UHart highlights Native American culture through a variety of events. NAHM is an opportunity to recognize and honor the rich history, culture, and contributions of American Indians and Alaska Natives. The Native American Heritage Month celebration originated in 1915 as American Indian Day and was celebrated on the second day of May. In 1990, President George H.W. Bush expanded the celebration to a month.
RESOURCES FOR FURTHER LEARNING
- An Indigenous Peoples' History of the United States by Roxanne Dunbar-Ortiz
- Maps of Native American Tribes and Reservations in the United States
- Columbus Day or Indigenous Peoples' Day?
- Native Knowledge 360
- American Indian Stories, Legends, and Other Writings by Zitkala-Sa
- PBS: Native American Heritage Month
- Invasion of America: Interactive Map
Thank you to the UIS office for co-sponsoring the virtual screening of the award-winning Dawnland followed by Q&A with former UIS instructor and Passamaquoddy citizen, Chris Newell, on November 10.
The UHart community highlights African and African American culture through a variety of events including guest speakers, panel discussions, films, social gatherings, theatrical performances, and literary forums–just to name a few.
Martin Luther King Jr. Day is observed on the third Monday of January each year. Dr. King is remembered as an important historical figure in the Civil Rights Movement which protested racial discrimination. The King Holiday was signed into law in 1983 and for the first time in 2000 was officially observed in all 50 states.
The University of Hartford Celebrates Martin Luther King Jr. in February. UHart’s annual on-campus observance organized by the MLK Celebration Committee and The President’s Office for Diversity and Community Engagement will take place virtually this year on February 10, 2021.
Celebrated in March, Women's History Month highlights the many contributions women have made in the history of our nation. The Center for Women's and Gender Studies is a strong partner in arranging events for Women's History Month.
Asian/Pacific Islander Heritage Month was first established in 1977 when resolutions were introduced asking the President to declare the first 10 days of May as Asian/Pacific Week. In 1978 Asian/Pacific Week became an annual event, and in 1990 the entire month of May was proclaimed Asian/Pacific Heritage Month.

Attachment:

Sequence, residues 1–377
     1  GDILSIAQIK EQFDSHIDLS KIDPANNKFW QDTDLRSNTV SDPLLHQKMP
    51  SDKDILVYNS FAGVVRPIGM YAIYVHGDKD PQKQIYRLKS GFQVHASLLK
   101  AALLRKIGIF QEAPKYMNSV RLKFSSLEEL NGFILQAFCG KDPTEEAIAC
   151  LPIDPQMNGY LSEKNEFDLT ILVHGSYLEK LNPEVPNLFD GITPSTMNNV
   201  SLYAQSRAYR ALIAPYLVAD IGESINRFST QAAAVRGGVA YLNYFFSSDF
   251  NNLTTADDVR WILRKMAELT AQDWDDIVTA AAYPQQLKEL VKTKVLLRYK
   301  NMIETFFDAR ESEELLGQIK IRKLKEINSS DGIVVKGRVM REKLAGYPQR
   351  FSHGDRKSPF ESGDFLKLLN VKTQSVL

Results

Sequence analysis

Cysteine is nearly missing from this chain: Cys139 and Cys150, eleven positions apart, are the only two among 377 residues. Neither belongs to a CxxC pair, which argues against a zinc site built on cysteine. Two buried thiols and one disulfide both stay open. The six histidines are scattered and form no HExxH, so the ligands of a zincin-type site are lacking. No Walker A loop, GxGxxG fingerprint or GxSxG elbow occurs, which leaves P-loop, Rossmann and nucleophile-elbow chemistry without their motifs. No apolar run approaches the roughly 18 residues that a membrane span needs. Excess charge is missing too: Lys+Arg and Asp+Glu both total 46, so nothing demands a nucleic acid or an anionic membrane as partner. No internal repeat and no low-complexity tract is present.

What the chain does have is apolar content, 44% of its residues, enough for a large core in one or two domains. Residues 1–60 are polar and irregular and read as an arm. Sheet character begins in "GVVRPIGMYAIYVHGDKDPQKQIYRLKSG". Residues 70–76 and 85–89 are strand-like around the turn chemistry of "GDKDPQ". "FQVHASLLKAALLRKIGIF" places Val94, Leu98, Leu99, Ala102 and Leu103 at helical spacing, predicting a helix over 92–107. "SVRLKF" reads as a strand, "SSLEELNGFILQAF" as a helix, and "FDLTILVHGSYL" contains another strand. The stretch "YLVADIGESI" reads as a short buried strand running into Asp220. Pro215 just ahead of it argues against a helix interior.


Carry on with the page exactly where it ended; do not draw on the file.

Jewish American Heritage Month (JAHM) is an annual recognition and celebration of Jewish American achievements in and contributions to the United States of America during the month of May.
Juneteenth, also known as Freedom Day, marks the day in 1865 that enslaved black people in Texas learned of their freedom–two years after the signing of the Emancipation Proclamation.
DEI Event Highlights
Previous UHart Unity Experiences
- Ellsworth Lecture by Hayley Foster BSBA ‘94 on Passion+Creativity=Success
- Humanities Lecture Series: Ines Rivera Prosdocimi, Assistant Professor of English, presented a lecture entitled "On and Off the Island: The Modern-Day, Time-Traveling, Transnational Maroon" in which she explored the formation of perceived "truths" regarding the national identities of Haiti and the Dominican Republic
- 2019 Rogow Distinguished Visiting Lecturer Program: Zachary R. Wood, author of Uncensored: My Life and Uncomfortable Conversations at the Intersection of Black and White America, discussed why it is important to listen to people you disagree with
- Some Jazz, Some Blues, Some Soul Food: Hartt alumnus Haneef Nelson spoke on the history of jazz
- Avinoam Patt, Associate Professor of Judaic Studies and Humanities Center Faculty Fellow, discussed confronting holocaust denial in the 21st century
- A conversation with Michael Eric Dyson: Michael Eric Dyson is a Georgetown University sociology professor, New York Times contributing opinion writer, contributing editor of The New Republic and ESPN’s The Undefeated, and author of 19 books. He has won many prestigious honors, including an American Book Award and two NAACP Image Awards
- Ending the division- teaching strategies for becoming instruments of change: University of Hartford professors from diverse backgrounds and disciplines discussed how to best address the polarization and divisiveness that appears to be so pervasive in our times
- Our annual “Keeping the Dream Alive” event to celebrate the life and legacy of Dr. Martin Luther Kings featured Angela Y. Davis, who also received an honorary degree. Davis is an icon of black politics and social activism worldwide dating back to the 1960s when Dr. King led many civil rights battles
- Poet, writer, commentator, activist, and educator Nikki Giovanni spoke at the University’s annual Martin Luther King observance and received an honorary Doctor of Humane Letters.
- A series of conversations about the life experiences of diverse students, staff, and community members, titled Diversity Speaks: Belonging and Being Seen, were held to provide understanding that not all life experiences are the same